Veteran Stories:
Marguerite Moncrief Nelson

Army

  • Marguerite Moncrief on her enlistment in the Canadian Women's Army Corps in April 1944.

  • Marguerite Moncrief on her enlistment in the Canadian Women's Army Corps in April 1944.

  • CWACs having fun while completing their basic training in Kitchener, Ontario.

  • Marguerite Moncrief and a friend outside the Harry G. Silver Shoe Store in Peterborough.

  • Marguerite Moncrief's discharge certificate marking the end of her military service on December 7, 1945.

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"At that point, I became Private Marguerite Moncrief, W30682, of the CWAC."

Transcript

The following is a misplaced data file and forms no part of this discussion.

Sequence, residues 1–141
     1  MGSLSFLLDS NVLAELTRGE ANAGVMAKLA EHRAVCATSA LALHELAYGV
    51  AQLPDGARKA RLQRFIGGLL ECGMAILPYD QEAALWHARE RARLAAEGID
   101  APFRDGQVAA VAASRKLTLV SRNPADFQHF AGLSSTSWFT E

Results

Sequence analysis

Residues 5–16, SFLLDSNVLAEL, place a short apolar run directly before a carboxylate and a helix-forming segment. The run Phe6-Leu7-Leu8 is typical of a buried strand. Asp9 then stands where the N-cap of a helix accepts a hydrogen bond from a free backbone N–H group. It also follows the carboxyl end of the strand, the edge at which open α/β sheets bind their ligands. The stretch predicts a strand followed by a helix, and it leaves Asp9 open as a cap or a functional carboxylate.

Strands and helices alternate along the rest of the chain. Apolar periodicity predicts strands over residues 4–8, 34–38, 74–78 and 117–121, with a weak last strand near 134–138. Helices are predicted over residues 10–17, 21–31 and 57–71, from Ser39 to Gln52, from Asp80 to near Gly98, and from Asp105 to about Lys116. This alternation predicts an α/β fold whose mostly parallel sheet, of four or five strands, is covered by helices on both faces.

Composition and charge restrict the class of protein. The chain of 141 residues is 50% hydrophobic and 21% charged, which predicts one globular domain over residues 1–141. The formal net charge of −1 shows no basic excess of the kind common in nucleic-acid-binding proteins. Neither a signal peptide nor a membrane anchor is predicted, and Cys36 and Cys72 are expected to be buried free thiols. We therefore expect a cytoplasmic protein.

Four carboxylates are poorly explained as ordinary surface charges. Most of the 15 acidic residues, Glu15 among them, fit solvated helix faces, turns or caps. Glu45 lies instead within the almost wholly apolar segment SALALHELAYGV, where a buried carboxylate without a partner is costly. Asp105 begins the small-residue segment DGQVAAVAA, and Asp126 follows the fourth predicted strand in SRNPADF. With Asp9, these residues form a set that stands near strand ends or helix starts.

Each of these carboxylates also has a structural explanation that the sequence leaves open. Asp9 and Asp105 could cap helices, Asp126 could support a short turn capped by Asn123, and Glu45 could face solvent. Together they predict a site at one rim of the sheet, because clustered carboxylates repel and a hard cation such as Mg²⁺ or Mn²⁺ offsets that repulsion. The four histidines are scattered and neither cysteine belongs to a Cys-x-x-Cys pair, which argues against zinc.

I'm Marguerite Nelson of Peterborough, and on April 9th, 1944, I became eighteen years of age, so I decided to join the service. I guess I thought I could help, because my brother had long gone with the SD&G Highlanders overseas. I went to Kingston for basic training – for kits and uniforms, needles and health check, and all those things. I learned how to go through a gas chamber with a gas mask on. At that point, I became Private Marguerite Moncrief, W30682, of the CWAC. We were then sent for basic training in Kitchener. There, I had to choose a career after basic training. Because I could drive already, I chose Driver Training Program in Woodstock. I trained people in Woodstock to drive large vehicles – jeeps and whatever – for a few months. After that, I was re-posted back to Kingston to 103 Depot, LaSalle Barracks, as a Clerk/Typist. There, I had to walk about a block to work, which was great. It was a cluster building – Canadian Military Headquarters cluster building – right on Lake Ontario. I worked for two wonderful lady officers, Lieutenant O'Hearns and Major Gray, who were both from western Canada, and we worked on secret info for overseas, updating ledgers and files, and I just loved my job there and I was there until I was discharged in December of '45. In April of '46, I married the love of my life who I'd met in Kingston, Milton E. Nelson, who was in the RCNVR. We have two sons, two daughters, five grandsons and five granddaughters. Milton passed away in 1999. I was proud to serve, and I would like to add that I had all of my uniform and my kits and everything up until three years ago, and I then donated them to the Peterborough Museum and Archives here. So they have everything I was given when I joined up, and I was kind of happy to do that, that they would accept it, and that they were very happy to get it.
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